Westwind

A Very Short Story

About a Young Man Attempting to Pick Up on a Cosmopolitan Woman Under The Dim Light of a Street Corner Outside a Bar, the Results of Which are Left Intentionally Ambiguous

Jeffrey Song

With a motion that was weighted with an inexperience that he was so keenly self aware, he attempted to smoke the cigarette. He moved the mass to his drying lips, with his elbow bent out at an awkward angle, the whole act a show and he but an amateur actor on an ill funded community playhouse stage.

It was in this singular act, in whether he could pass the test, if he could construct a believable counterfeit, that the woman would judge the entirety of his being: whether he is interesting enough, whether he is charming enough, whether he can dance to a beat, whether he good in bed, whether he can hold a stimulating conversation, whether he has a decent job in which he is happy doing the work he does, whether he is a compassionate person that donates to charities without any recognition because that’s not really in keeping with the spirit of charity now is it, whether he is reliable enough to call when she and her friends are too drunk to drive, whether he would lend a good friend a month’s worth of rent money when said person is in a difficult period in his life, whether he could kiss her with tenderness and warmth and youthful excitement, whether the prose in his private notebook was brave and powerful and publication worthy, whether he was unafraid to cry when watching A Walk to Remember with her on a rainy Sunday night, whether he could summon the courage to confront some asshole who yells “Holla” at her when they are walking down Melrose.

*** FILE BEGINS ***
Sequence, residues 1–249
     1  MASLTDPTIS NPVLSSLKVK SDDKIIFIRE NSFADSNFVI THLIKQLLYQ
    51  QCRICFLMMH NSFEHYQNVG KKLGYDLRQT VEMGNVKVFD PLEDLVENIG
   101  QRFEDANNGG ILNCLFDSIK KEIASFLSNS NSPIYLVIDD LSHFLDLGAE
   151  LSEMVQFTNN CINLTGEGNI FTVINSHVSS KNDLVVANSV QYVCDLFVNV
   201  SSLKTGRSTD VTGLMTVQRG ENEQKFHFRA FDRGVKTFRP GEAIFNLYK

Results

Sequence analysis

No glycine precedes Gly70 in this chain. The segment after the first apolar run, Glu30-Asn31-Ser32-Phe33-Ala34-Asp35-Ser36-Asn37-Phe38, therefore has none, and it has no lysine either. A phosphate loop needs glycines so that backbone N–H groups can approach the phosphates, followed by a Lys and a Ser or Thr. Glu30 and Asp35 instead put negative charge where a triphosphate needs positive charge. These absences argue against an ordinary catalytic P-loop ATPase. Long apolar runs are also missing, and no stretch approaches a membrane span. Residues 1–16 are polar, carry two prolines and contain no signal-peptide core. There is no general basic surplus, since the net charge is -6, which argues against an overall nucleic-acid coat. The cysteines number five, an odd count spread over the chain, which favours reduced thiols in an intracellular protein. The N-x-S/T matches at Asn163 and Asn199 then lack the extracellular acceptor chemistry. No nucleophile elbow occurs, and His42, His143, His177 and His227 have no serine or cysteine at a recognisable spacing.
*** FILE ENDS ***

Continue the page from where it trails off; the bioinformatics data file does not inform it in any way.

The inside of his nostrils, near the top so close to the fragile working gears of his head, which normally was always clicking in sync, felt an unbearable singe. His eyes reflexively squinted and teared, revealing a chink in his elaborately constructed armor.

All was lost. She would see through to his foolishness: the shy, uncultured hick hiding behind the loaned pinstriped blazer, the sixty dollar screen printed t-shirt, the new but precisely distressed pair of boutique jeans.

“If you haven’t smoked before, you shouldn’t start,” she said, plucking the filtered Marlboro from his unsteady hand with the dexterity of a surgeon, her fingers grazing against his knuckles.

She held the burning cigarette delicately between the tips of her fingers like a pair of chopsticks and placed her lips where his had been, the filter damp from his failed attempts. Left behind was a trail of blood red lipstick, and she exhaled, arms perpendicular, a steady stream of thin blue smoke out of the corner of her mouth, like the steam of a kettle’s alarming whistle.

She smiled and revealed to him pearly white fangs.

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